OPINION: What Andrew Yang Got Wrong About Asian-Americans and the Coronavirus


Jin Heo, Contributor

In early February, a video showed a man physically attacking an Asian woman wearing a face mask at a New York subway station. A Facebook post, which has since been deleted, alleged that the man called the woman a “diseased b****.” That same month, a 16-year-old Asian boy in Southern California was sent to the emergency room after bullies accused him of having the virus and attacked him. On Mar. 4, another video showed a man yelling at and spraying disinfectant toward an Asian man on a New York subway. On Mar. 14, a man in Texas stabbed an Asian family because he believed they were carrying the virus. 

These disheartening stories represent a small fraction of the abuse terrifying Asian-Americans across the country. A report by members of the Asian-American Studies program at San Francisco State University found that news stories on coronavirus discrimination increased 50 percent between Feb. 7 and Mar. 9. On Mar. 19, several Asian-American advocacy groups launched a website to collect reports of discrimination and received over 1100 reports in the first two weeks.

When I asked members of the Vanderbilt Asian-American community to tell me their stories, 15 came forward. Three had personally experienced discrimination and 12 personally knew a victim of harassment or assault. All 15 said they felt afraid for their safety and the safety of their loved ones. Here is some of what they had to say:


“On Vanderbilt campus, I was talking to my friend … about the virus and how people in one of my classes were still going to Barcelona over spring break. This Caucasian male who walked past us overheard part of our conversation and said, ‘Haha you’re not going around spreading the coronavirus right?,’ and laughed. I looked at him straight in the eye and said, ‘No, I’m not spreading it and it’s not funny.’ He merely replied, ‘Oh no, I didn’t think it was funny, but I just heard you talking about it and thought you were spreading it to your friend.’”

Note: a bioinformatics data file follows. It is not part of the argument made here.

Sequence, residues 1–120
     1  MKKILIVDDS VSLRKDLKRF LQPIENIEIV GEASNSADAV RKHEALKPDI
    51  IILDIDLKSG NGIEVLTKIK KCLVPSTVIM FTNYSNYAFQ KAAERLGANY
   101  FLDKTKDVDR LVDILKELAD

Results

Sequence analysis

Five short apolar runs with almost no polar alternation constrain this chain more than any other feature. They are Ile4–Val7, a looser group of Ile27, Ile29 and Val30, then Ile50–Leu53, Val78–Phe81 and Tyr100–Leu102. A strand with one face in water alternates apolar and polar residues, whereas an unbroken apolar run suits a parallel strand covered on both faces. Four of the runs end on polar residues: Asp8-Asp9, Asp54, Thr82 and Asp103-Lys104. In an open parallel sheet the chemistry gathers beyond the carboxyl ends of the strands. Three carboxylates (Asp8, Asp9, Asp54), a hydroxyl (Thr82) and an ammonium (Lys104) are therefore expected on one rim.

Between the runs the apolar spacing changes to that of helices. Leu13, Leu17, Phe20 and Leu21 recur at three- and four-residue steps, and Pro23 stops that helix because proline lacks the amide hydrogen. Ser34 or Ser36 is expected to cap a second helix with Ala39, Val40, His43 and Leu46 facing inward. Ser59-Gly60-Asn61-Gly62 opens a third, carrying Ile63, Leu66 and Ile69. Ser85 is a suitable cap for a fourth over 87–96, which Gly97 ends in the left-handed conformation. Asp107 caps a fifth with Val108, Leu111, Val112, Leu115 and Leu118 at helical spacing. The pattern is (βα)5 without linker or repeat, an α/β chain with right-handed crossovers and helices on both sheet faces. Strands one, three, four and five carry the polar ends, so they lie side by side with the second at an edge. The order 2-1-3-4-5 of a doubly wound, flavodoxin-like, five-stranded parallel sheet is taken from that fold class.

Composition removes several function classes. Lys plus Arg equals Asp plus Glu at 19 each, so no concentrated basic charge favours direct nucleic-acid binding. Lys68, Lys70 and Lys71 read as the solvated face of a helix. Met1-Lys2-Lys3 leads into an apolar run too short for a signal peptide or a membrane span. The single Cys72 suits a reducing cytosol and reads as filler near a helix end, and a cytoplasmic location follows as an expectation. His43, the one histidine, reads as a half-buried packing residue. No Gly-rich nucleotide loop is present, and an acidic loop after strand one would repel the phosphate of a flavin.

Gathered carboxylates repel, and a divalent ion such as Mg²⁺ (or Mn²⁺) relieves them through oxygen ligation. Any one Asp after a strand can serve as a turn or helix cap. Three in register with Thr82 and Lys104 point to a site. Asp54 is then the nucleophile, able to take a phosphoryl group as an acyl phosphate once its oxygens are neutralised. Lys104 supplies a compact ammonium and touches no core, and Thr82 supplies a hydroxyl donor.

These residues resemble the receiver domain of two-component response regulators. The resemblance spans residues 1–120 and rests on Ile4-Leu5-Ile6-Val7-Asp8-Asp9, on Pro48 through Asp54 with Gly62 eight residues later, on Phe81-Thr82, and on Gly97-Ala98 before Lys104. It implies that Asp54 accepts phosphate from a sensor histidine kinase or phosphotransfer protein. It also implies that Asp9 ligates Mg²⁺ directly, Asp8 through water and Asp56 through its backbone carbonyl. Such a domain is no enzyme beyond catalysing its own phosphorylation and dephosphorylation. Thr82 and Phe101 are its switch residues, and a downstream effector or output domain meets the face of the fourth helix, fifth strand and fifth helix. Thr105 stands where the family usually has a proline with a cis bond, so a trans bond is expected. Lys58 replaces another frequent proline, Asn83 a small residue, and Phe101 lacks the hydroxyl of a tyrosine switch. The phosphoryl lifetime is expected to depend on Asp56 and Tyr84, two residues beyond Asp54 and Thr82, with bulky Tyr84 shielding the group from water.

“While I was waiting in line to talk to the gate agent at [Nashville International Airport] for my flight to [New York], an elderly white man got my attention and said, ‘Hey buddy, can you go back to your own country?,’ It was the first time I have explicitly been targeted maliciously and it made me feel like I was not welcome, not even tolerated, in this country that I was born and raised in. Those few simple words have been repeating inside my head since that occurrence as I try to understand what makes people so hateful.” 


In the midst of these fear-inducing attacks came a controversial Washington Post op-ed penned by entrepreneur and former Democratic presidential candidate, Andrew Yang. His overarching message, that Asian-Americans can rise above the hatred thrown their way by embracing unity, faded behind three sentences: